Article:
According to Public Policy Polling, the firm that came out with the shocking poll yesterday which showed Russ Feingold trailing Ron Johnson by 11 points in the U.S. Senate race, virtually none of the candidates the GOP has fielded in Senate races this year are viewed favorably by self-described moderates. Of the governor candidates, only two are.
Ron Johnson is no exception. PPP's polling shows him viewed favorably by only 30 percent of moderates, with 49 percent holding an unfavorable view of the rookie candidate. To RoJo's credit, however, that 19 point negative spread puts him near the top of the GOP candidate field; Kentucky's Rand Paul is at 28/57 and Alaska's Joe Miller has a 15/72 spread.
Many would use these numbers to show how far right the GOP's primary electorate is. But what I'd say they reveal is the large percentage of Democratic voters who identify as moderates. While the great majority of Republican voters identify as "conservative," not even half of Democrats will refer to themselves in that word that was so tactfully demonized by Republicans, talk radio and the mainstream media: LIBERAL. For some reason, conservative is a nice, soft word that people are comfortable with. Liberal has unfortunately become a synonym for radical.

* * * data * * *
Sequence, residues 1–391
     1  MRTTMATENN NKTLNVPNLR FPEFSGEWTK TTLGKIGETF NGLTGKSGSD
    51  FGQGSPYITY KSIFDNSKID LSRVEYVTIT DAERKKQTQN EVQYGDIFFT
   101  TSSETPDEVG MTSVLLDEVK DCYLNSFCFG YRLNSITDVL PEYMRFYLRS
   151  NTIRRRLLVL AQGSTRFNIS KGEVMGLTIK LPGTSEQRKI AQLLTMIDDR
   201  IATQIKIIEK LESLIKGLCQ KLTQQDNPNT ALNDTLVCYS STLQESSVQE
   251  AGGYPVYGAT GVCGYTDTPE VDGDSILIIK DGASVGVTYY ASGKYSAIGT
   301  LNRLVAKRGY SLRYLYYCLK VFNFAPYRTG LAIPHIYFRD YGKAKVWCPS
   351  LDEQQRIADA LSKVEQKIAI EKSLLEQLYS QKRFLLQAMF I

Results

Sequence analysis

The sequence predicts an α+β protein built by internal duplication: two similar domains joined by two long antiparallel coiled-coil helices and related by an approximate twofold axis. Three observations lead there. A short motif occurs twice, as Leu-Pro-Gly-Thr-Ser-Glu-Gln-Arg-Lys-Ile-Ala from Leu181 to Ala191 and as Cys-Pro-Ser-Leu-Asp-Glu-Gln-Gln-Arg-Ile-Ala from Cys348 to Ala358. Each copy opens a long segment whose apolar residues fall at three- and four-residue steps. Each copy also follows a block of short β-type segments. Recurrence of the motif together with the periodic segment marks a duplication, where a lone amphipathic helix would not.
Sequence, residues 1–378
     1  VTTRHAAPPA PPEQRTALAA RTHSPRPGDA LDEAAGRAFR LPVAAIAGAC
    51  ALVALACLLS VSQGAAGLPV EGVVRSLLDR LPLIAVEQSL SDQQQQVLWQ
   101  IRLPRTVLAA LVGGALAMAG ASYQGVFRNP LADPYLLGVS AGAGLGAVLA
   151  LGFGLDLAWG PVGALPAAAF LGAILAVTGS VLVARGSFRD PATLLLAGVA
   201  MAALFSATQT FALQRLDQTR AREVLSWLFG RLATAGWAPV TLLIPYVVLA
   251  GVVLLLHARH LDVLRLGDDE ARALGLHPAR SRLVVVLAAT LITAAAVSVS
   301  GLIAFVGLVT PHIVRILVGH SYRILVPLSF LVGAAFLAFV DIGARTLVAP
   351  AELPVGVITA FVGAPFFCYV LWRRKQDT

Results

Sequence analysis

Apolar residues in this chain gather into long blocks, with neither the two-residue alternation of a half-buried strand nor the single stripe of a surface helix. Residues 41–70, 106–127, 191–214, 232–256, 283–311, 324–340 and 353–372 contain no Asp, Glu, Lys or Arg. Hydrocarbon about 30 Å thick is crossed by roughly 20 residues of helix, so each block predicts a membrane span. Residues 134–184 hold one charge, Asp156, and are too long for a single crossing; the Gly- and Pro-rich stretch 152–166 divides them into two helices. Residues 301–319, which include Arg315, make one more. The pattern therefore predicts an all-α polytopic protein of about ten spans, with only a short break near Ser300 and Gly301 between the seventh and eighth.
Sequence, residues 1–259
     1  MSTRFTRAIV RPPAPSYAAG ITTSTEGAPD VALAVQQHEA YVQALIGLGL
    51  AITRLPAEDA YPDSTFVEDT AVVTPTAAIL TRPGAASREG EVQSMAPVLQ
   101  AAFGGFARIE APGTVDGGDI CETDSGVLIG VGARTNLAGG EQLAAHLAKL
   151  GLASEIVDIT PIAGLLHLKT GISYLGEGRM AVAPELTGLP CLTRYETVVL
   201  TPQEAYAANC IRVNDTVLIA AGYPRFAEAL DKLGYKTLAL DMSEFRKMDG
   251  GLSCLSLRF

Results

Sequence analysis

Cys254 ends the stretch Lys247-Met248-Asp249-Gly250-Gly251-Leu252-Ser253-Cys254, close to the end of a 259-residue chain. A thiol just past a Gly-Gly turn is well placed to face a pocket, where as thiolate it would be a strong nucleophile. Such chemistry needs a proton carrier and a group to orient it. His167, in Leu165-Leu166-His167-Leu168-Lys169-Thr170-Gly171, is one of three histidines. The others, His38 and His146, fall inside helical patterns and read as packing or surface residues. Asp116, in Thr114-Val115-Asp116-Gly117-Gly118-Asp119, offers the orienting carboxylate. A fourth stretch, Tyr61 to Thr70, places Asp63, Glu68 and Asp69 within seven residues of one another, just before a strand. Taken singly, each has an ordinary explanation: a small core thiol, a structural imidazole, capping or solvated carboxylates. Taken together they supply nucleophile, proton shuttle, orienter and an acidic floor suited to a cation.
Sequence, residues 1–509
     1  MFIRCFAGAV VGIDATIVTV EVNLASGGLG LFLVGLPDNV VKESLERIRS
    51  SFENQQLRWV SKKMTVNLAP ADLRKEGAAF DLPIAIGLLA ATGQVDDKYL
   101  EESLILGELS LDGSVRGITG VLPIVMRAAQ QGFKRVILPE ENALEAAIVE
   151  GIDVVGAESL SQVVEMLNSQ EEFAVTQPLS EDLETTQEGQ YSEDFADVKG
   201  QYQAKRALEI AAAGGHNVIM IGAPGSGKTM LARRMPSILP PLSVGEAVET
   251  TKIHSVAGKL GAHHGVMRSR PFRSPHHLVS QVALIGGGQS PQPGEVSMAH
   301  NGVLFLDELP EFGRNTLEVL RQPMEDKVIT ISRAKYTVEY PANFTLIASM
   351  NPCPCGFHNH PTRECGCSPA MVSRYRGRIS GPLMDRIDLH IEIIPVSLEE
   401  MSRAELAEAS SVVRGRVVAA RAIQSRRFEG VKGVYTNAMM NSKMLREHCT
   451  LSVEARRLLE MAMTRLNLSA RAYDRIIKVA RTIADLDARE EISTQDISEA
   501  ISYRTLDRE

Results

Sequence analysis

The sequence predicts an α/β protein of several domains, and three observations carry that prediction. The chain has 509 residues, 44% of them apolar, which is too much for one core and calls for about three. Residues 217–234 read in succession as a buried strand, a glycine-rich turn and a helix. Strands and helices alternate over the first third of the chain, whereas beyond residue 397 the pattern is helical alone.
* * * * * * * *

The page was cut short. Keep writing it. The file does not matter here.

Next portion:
So of the many moderates who registered disfavor for Ron Johnson, a large chunk are voters who vote Democratic in every election.
But what does that say about politics in the U.S.? Moderate does not only indicate a position on a range of policies. For many who call themselves moderate, it represents an attitude towards government, a certain wariness of political ideology. This means the center-left party in the U.S. is largely ruled by people who are not ideologically driven, while the center-right is entirely ruled by those who identify with an ideology.
So it's not surprising that you hear candidates like Feingold speaking largely to a non-ideological audience, talking about issues like ethics, fiscal restraint and a record of independence. That fits the narrative of the anti-incumbent election, but it also reveals a strategy that you will likely see replicated by Democrats in other states. Instead of trumpeting the social progress they pushed forth with health care reform, they're appealing to the idea that they're competent, pragmatic and divorced from ideology. On the right, the absolute opposite is true. Just look at Delaware.